Little Bighorn

(redirected from Little Big Horn)
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Related to Little Big Horn: Sitting Bull, Wounded Knee
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  • noun

Synonyms for Little Bighorn

a river that flows from northern Wyoming into the Bighorn River in southern Montana

a battle in Montana near the Little Bighorn River between United States cavalry under Custer and several groups of Native Americans (1876)

References in periodicals archive ?
A wedyn, fyddai Custer ddim wedi colli'r dydd - a'i fywyd - yn y Little Big Horn. Yn wir, fyddai'r frwydr honno ddim wedi digwydd o gwbl yn ol pob tebyg.
Dyna oedd cefndir brwydr y Rosebud a'r Little Big Horn, yn ogystal a'r ffaith fod y dyn gwyn yn torri cytundeb a wnaethpwyd, i beidio dod yn agos at diroedd sanctaidd y Sioux yn y Bryniau Duon.
There were fewer horses at Little Big Horn than you'll find at the Newmarket post at 2.50 today.
After the 1876 Battle of Little Big Horn, the infamous defeat of General George Armstrong Custer, Sitting Bull was publically vilified for refusing to sign treaties, and personifying resistance to U.S.
I define it as the ability to sense the ambush before entering the pass, the gift to spot the smoke signals and to "Measure thrice, cut once" in anticipation of your own Little Big Horn.
Perhaps most famous for his role as a bugler who survived the Battle at Little Big Horn, Giovanni Martino (who later became John Martin) was born in Italy.
1876: Sioux Indians, led by Crazy Horse, killed Custer and all 264 soldiers of his 7th US Cavalry at Little Big Horn. 1945: The United Nations Organisation was founded.
The legend of General George Custer's final fight at the Battle of Little Big Horn in southern Montana has portrayed Custer as a hero, martyr, fool and coward.
The Romance of a Vanishing Race collects three vintage motion pictures of Native Americans and their daily culture, originally filmed in the early 1900s and featuring tribal chiefs who participated in the last Great Indian Council, including some who fought at the Battle of Little Big Horn. The first, "The Romance of the Vanishing Race" (released 1916, 29 min.) features Navajo, Pueblo, Crow, and Hopi tribes and re-enactments of Indian battles on the plains as well as tribal ceremonies and medicine men.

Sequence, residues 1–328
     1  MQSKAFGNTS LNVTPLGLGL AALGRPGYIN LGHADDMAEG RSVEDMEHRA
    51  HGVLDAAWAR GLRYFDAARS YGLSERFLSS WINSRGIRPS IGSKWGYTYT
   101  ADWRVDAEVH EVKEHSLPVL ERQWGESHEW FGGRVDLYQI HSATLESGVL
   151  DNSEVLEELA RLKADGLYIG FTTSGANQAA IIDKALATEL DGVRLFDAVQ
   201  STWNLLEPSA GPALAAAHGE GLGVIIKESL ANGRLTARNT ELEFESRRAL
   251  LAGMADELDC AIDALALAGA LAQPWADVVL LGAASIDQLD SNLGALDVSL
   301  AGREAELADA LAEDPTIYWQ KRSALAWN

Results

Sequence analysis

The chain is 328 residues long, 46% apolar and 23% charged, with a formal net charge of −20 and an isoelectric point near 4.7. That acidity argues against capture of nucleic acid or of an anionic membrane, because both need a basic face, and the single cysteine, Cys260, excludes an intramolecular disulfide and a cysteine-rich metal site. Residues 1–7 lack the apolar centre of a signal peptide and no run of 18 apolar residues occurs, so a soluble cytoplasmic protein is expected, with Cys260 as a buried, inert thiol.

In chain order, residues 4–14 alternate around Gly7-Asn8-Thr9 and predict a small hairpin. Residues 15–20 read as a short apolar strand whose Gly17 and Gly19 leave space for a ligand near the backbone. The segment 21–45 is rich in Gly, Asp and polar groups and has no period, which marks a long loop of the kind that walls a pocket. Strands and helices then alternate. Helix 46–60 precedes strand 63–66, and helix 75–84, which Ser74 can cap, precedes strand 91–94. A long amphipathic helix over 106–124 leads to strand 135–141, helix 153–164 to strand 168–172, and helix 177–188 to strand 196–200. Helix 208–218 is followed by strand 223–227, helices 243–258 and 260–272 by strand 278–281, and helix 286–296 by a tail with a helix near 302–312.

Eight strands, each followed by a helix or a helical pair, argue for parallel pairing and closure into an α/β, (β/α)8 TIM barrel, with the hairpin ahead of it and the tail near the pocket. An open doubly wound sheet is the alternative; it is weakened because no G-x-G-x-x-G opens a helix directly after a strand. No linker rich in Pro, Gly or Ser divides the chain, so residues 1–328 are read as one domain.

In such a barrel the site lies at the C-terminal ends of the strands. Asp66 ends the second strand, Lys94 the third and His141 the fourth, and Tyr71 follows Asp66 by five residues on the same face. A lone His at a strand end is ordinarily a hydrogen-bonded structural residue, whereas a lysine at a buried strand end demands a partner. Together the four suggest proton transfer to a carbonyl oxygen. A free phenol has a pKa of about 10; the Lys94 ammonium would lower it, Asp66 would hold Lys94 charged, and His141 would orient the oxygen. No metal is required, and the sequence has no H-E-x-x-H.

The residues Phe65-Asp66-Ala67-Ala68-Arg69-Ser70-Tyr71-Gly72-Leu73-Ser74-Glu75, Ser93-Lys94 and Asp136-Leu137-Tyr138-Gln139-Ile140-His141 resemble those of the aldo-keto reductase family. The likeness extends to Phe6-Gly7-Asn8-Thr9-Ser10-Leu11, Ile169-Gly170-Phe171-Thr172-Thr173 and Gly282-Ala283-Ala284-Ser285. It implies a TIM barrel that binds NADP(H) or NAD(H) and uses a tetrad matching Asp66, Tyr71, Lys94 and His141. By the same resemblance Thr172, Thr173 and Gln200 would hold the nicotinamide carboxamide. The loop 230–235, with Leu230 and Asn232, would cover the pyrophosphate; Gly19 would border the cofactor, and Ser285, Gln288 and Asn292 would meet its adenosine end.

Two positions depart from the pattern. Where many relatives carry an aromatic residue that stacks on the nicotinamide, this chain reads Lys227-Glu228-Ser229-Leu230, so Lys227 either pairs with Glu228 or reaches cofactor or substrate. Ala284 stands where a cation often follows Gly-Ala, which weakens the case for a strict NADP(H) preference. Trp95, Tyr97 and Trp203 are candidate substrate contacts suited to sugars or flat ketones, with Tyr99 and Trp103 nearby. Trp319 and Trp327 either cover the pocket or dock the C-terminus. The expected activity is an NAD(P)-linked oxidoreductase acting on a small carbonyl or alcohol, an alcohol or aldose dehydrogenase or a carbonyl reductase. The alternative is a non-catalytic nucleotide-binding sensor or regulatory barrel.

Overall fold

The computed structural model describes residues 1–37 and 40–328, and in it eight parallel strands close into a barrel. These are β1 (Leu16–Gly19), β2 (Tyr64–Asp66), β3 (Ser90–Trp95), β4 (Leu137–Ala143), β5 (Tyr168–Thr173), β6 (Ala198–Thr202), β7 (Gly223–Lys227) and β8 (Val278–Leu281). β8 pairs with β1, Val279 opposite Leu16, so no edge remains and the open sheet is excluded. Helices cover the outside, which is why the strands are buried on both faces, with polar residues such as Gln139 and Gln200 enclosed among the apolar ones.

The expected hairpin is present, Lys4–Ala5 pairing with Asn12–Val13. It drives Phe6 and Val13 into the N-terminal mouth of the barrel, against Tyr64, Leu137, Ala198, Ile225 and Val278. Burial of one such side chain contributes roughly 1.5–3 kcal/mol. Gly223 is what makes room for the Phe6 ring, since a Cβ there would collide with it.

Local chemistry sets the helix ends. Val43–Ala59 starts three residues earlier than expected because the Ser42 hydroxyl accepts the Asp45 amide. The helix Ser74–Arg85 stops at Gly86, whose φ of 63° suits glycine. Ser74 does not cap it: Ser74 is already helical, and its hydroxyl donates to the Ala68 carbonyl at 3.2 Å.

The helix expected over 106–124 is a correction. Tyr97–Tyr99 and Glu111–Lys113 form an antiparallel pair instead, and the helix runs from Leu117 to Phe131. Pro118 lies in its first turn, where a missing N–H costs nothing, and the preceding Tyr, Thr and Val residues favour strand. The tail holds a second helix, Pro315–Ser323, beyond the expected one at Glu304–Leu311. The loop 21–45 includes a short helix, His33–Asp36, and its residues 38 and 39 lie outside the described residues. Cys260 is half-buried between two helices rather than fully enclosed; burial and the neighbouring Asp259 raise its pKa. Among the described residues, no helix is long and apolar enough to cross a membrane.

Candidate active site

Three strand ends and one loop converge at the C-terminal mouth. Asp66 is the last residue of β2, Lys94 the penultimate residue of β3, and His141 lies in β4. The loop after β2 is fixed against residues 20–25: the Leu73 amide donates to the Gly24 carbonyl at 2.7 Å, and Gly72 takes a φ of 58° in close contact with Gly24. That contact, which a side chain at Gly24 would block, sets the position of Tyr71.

THE Little Big Horn, Montana, is the site of one of the most famous battles in American history.
The pounds 100m film, called A Road We Do Not Know, tells of the infamous massacre at the Battle of Little Big Horn in 1876, when General George Custer and 276 of his troopers were wiped out by 2,500 Sioux and Cheyenne Indians.
Finally he addresses the losses at Powder River and Little Big Horn and the lessons learned by the Army after those losses.
Among the episodes he documents are the Great Sioux uprising in August- December 1862, the Sand Creek Massacre November 1864, the Little Big Horn campaign January-July 1876, the flight of the Nez Perce March-October 1877, and the Ghost Dance and Wounded Knee 1890-91.
Mr Scott, the American pioneer of battlefield archaeology, was the man who surveyed the site of the Battle of Little Big Horn, where Custer made his famous last stand.
1876 Custer's last stand at Little Big Horn, Montana.